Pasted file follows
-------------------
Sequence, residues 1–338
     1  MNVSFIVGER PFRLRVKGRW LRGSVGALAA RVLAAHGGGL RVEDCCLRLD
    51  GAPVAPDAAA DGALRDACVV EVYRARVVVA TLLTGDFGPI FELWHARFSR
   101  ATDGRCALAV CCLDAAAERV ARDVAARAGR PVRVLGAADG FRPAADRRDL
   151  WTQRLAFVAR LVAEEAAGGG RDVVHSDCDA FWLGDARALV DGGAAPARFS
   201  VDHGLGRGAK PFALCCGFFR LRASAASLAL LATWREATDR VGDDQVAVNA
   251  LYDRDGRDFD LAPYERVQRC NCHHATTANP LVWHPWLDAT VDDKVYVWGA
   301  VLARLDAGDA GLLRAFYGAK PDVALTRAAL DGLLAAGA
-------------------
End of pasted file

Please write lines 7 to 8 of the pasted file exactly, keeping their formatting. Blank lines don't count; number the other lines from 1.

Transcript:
   251  LYDRDGRDFD LAPYERVQRC NCHHATTANP LVWHPWLDAT VDDKVYVWGA
   301  VLARLDAGDA GLLRAFYGAK PDVALTRAAL DGLLAAGA